Guard against cybercrime to sustain growth


A digital illustration of cybercrime. [Getty Images]

For the better part of this week, Kenya grappled with a major cyber-attack that disabled the e-Citizen platform, which the government is championing as the key to easing delivery of services.

According to President William Ruto, over 5,000 services will be available online eliminating the need for citizens to physically visit government offices.

But if the attack by a group calling itself Anonymous Sudan, which experts say has ties with Russia, is anything to go by, we need to review the country’s cyber security preparedness rather than concentrate only on digital development.

Apart from e-Citizen, the hackers also infiltrated the digital banking system, specifically Safaricom’s M-PESA inconveniencing thousands of users who could not transact on Thursday.

We are lucky the hackers mainly relied on Distributed Denial of Service (DDOS), a tried and tested method used to flood online services with traffic in an attempt to overwhelm the system and cause it to go offline.

This means no data was stolen although they claimed to have stolen some passport details for sale.

This is not the first time key institutions have suffered such cyber-attacks. Nevertheless, we agree that no country or institution can fully protect itself from cyber-attacks but at least we should minimise them or ensure they are promptly thwarted when they emerge.

According to some experts, Kenya is probably as well prepared as any government in Africa to respond to such an attack as this week’s.

One noted in an interview with BBC that the country, which ranks 51st out of 182 countries on the UN ITU’s Cybersecurity Commitment Index, has a well-developed cyber-security and computer-security emerging response infrastructure.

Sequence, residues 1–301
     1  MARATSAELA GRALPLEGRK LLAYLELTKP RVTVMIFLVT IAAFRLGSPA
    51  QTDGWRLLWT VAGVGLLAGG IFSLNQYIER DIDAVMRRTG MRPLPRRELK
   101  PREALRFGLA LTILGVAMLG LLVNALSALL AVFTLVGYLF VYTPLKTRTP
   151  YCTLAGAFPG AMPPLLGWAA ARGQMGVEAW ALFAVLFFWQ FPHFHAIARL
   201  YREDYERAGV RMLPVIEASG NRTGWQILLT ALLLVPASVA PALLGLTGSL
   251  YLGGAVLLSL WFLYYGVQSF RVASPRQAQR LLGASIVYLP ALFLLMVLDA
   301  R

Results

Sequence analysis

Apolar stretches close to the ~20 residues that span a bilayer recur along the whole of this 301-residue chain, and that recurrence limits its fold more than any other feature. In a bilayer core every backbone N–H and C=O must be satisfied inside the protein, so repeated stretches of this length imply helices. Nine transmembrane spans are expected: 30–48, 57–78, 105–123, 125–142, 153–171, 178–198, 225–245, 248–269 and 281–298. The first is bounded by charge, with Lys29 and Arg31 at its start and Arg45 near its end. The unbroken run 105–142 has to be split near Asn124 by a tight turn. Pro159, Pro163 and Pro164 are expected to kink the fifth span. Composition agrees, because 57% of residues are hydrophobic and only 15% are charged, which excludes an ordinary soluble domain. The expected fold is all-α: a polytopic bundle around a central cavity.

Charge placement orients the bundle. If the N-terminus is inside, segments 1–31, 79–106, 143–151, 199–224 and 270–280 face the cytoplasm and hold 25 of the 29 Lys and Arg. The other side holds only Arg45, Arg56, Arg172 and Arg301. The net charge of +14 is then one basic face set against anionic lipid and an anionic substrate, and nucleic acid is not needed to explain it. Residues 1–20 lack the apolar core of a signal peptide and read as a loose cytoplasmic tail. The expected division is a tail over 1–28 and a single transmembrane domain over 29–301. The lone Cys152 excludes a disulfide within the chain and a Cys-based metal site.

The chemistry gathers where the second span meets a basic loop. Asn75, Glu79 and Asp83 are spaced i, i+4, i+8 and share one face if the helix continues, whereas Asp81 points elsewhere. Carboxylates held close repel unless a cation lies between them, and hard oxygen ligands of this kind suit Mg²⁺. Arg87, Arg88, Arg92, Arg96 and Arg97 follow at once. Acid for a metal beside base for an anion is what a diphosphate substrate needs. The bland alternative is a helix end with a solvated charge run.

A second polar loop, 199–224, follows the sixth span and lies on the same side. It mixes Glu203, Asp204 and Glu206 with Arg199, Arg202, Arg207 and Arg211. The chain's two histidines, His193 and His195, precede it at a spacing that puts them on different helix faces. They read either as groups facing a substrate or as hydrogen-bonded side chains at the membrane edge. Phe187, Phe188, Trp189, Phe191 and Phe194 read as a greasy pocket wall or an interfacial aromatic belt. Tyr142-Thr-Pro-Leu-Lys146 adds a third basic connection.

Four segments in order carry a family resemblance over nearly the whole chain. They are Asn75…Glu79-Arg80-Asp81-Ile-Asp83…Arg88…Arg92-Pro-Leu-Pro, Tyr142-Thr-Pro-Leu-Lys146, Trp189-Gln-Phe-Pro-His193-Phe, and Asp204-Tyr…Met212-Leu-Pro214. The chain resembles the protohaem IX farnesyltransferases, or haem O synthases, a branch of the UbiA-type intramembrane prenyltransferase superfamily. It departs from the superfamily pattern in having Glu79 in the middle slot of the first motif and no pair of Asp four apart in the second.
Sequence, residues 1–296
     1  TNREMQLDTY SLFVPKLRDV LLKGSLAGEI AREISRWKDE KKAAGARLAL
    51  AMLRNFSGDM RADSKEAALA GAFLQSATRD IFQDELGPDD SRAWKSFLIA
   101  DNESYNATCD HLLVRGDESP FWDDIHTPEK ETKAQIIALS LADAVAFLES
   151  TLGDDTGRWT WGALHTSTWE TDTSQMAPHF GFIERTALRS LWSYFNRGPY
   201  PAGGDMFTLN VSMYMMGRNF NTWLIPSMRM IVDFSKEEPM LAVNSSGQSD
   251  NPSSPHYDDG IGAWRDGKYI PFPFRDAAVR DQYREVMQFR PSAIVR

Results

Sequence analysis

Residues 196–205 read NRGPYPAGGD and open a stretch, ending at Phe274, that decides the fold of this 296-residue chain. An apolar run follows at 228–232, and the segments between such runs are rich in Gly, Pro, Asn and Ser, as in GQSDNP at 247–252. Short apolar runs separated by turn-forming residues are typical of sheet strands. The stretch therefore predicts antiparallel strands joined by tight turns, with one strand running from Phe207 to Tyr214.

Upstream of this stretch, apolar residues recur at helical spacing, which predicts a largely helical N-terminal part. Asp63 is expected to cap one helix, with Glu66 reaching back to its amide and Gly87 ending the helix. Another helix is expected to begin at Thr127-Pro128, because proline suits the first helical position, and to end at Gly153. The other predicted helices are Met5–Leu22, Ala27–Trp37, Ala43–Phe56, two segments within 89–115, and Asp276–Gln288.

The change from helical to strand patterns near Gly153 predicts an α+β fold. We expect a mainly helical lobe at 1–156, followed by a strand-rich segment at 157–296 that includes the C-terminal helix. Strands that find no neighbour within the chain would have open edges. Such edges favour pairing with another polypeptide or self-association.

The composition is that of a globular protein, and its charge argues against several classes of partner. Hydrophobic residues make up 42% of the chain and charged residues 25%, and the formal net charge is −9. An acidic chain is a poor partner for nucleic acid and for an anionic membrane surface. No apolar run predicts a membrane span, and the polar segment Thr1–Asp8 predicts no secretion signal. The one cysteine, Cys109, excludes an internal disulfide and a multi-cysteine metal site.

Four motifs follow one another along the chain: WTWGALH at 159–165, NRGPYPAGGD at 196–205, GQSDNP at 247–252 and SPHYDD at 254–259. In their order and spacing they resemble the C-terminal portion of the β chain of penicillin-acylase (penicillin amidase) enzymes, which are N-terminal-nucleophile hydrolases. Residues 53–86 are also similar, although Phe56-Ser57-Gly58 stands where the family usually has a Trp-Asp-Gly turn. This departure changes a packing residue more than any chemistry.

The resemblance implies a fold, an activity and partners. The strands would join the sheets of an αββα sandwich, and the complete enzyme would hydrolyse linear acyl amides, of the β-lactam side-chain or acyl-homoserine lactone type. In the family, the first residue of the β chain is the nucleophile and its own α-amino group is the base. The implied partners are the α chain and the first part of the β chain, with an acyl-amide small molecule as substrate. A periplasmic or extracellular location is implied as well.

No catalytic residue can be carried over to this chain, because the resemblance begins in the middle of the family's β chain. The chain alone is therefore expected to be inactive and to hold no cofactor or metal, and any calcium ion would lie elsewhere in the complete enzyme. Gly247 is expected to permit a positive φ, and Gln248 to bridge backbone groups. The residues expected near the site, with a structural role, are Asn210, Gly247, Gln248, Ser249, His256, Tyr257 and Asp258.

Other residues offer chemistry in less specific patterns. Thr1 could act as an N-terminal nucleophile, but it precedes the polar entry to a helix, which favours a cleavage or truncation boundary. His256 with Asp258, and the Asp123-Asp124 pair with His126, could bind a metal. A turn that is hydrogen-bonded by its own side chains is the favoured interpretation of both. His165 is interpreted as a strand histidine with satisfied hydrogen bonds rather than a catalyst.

But as the National Cyber Security Policy notes, aggressively supporting the technological advancements in Kenya has resulted in a more open, interconnected nation which can offer adversaries avenues for exploiting computer networks.

It adds that cyber-attacks are continuously evolving — to a great extent faster than cyber defences — resulting in an ever-increasing frequency of attacks and the probability of success over time.

For this reason, the National Cyber Command Centre and the National Kenya Computer Incident Response Team – Coordination Centre (National KE-CIRT/CC) need to stay at the top of their game to ensure they are always ahead of hackers.

Cyber insecurity poses a major threat to the country’s economic and social development and thus the need to protect cyberspace with the same vigilance as that of the Kenya Defence Forces.

The government, through the Ministry of ICT and all other stakeholders must take necessary steps to guard and protect all Kenyans and their properties from all potential cyber crimes. It is possible to be ready and always alert!